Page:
Nearly a year ago, we one of Sierra Madre’s founding citizens, John Jacob Hart, the musician and vintner whose former property became Memorial Park.
Months later, a surprise came—we received an email from Hart's great-granddaughter, Frances Hart, who lives in Portland, OR. An avid genealogist, she was Googling her great-grandfather's name and ran across the article.
The granddaughter of Frank R. Hart, one of John J. Hart's three sons, Frances Hart grew up in Orange County, where her father, Frank R. Hart Jr., worked as a real estate developer. Later, he moved to Oregon, where he founded Wildlife Safari, a wild animal park and sanctuary, in 1973. "[My father] had a lifelong fascination with Africa," Frances Hart explained.
Though she came to Sierra Madre with her family as a child, she was "too small to remember.” Yet the Hart family lore always held a fascination for her. "My own father spoke constantly of J.J. Hart," she recounted. "He and my mother had a sip of one of the last bottles of J.J. Hart's wine in 1947, when they were married."
Years later, she visited Sierra Madre during the city's 2007 Centennial. “I fell in love with the place—doesn’t everybody? It’s an unusually lovely place in Southern California with a genteel smaller-town feel to it.”
Though the Sierra Madre Historical Archives has a wealth of information about J.J. Hart, Frances Hart shared fascinating new details about her family—including Hart's German parents, Christian and Catherine, who emigrated to Cleveland from Kaiserlautern, Germany, in the 1800s.
“The original family name was ‘Hirth,’ not Hart,” she explained. “In Germany, ‘Hirth’ is pronounced more like ‘Hart.’ It bothered [Christian Hart] to hear the name pronounced like 'Herth' so he changed the spelling."
More details about John J. Hart's three sons were also revealed from our correspondence. Though they did not remain in Sierra Madre, they each made important contributions Southern California; John Wilson Hart served as Acting District Attorney of Los Angeles; Edwin Giles Hart helped incorporate the city of San Marino; and Frank Roland Hart became manager of the Southern California Music Company and an accomplished pianist who played with Enrico Caruso and others.
Subsequent generations of Harts made their own mark on the Southland. Of Frank R. Hart's three children, John L. Hart became a successful actor, Enid Hart Douglass founded the Oral History Program at Claremont Graduate University and became mayor of Claremont, and the aforementioned Frank R. Hart Jr. became CEO of Walker & Lee Real Estate, once the "largest land development-home sales organization in the United States," according to the L.A. Times.
Despite their many triumphs, tragedy struck the family several times. J.J. Hart’s first wife, Emma, died of tuberculosis in 1894, and Hart himself contracted the disease, struggling with its crippling effects until his death in 1932.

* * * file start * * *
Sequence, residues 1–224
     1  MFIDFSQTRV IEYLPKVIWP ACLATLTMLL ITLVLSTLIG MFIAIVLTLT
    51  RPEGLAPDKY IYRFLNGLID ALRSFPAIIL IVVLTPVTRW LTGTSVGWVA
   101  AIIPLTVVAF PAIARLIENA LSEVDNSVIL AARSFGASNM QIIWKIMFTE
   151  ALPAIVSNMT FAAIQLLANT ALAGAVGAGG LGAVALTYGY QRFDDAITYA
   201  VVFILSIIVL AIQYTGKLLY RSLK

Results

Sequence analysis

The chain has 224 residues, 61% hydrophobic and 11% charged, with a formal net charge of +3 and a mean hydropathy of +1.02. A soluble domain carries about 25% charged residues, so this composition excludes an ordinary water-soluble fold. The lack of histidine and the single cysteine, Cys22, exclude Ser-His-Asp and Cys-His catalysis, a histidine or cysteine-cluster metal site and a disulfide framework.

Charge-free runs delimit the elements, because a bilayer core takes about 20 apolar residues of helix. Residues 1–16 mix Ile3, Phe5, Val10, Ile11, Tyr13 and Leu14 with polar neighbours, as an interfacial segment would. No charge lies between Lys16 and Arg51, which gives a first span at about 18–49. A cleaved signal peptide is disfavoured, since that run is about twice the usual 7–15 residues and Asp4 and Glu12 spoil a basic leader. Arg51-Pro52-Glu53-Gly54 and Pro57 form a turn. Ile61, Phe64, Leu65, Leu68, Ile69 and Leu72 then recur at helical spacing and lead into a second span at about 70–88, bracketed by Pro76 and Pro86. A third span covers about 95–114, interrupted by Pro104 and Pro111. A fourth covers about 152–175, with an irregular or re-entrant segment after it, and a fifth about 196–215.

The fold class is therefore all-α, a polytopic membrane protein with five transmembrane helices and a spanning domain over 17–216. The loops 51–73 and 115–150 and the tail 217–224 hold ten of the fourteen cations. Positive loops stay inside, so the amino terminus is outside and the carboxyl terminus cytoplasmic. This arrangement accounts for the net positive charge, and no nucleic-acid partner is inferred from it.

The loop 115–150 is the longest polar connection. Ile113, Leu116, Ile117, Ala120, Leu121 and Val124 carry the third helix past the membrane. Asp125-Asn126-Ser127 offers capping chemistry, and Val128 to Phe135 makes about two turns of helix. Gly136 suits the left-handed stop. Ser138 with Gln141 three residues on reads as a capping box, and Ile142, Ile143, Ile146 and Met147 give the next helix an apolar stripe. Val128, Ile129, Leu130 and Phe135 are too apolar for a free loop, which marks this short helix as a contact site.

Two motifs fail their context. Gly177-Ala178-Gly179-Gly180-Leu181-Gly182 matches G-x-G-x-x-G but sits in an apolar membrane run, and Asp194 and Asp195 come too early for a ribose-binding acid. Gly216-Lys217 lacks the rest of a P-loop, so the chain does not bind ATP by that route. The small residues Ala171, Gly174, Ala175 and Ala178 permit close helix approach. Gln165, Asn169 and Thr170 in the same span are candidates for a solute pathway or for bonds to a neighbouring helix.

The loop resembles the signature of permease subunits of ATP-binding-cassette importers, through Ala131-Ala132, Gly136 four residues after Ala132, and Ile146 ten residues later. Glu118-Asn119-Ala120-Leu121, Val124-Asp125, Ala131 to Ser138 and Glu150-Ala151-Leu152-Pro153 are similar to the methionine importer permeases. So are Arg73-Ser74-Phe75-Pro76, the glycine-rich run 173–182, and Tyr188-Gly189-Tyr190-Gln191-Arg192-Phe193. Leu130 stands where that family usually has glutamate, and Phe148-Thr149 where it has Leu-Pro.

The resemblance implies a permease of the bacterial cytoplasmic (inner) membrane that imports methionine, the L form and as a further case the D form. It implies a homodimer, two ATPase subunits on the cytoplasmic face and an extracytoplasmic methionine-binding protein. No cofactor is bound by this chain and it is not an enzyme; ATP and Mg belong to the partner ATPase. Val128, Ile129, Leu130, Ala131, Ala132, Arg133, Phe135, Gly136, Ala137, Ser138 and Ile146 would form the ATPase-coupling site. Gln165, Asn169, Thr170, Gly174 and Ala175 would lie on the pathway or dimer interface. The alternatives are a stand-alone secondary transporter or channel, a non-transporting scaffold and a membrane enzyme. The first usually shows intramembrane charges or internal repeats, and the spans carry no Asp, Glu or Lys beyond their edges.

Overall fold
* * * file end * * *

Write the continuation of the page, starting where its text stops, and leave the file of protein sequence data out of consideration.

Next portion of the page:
Several other misfortunes that befell the family. Frank R. Hart Sr. was stricken with influenza during World War I, leaving him with permanent heart damage that brought an untimely death at age 58. Edwin G. Hart was struck and killed by a drunk driver in 1939, just after he had recovered from a debilitating stroke.
Nevertheless, the three Hart sons left lasting imprints on the local landscape. Edwin G. Hart in particular blazed an impressive path in life, succeeding in several different fields. "He was likely the most energetic and toughest of the Hart men," Frances Hart explained. "He was very charismatic. You could see the energy in his eyes, and he was very attractive to the ladies. He liked boxing and was never afraid to defend himself in a fistfight as a young man."
Edwin became a successful real estate developer, and cultivated relationships with influential men like Henry Huntington. He was also a pioneer in the state's avocado industry, forming the California Avocado Society in 1915. After helping to found the San Marino School Board, and donating land for an elementary school in the city, he eventually moved to La Habra.
Frank R. Hart Sr., a star tennnis player during his youth in Sierra Madre, also moved to San Marino as an adult. His former house and property occupied the spot where Crowell Public Library now stands. All three of his children attended South Pasadena High School, along with future actor William Holden, who became a friend of the family. Holden, John L. Hart and other friends would play in ancient oak tree on the property—said to be 2,000 years old—which they converted to a treehouse.
Coincidentally, Frances Hart’s father reconnected with Holden later in life, when they were both on safari in Africa in 1971. “Mr. Holden was quite surprised to discover Dad was the little kid from the Tarzan tree house of his youth," she recalled. "My father wound up bringing several tour groups in later years to visit Mr. Holden's animal orphanage in Kenya, and retained a relationship with his foundation.”
Though many of them eventually put down roots elsewhere, Frances Hart believes that Sierra Madre had a powerful influence in shaping the character of her family. “I feel strongly that J.J. Hart would not have become who he was, and had such a creative, satisfying life without having come to Sierra Madre. Based on everything I've heard and read about him, he was really nurtured there, especially after the Civil War and other profound experiences with loss, and his sons were nurtured there, too. They acquired enormous confidence and capacity to succeed in life, and had a great cultural foundation as well, having been raised in that environment.”
Tracing her genealogy has become a long-term project for Frances Hart. "I appreciate the importance of validating the lives of the people who came before us," she told me. In October, she plans to travel to England and the Isle of Man to trace the ancestry of her great-grandmother, Emma Corlett. “I believe I'm the first of her descendants to do this.”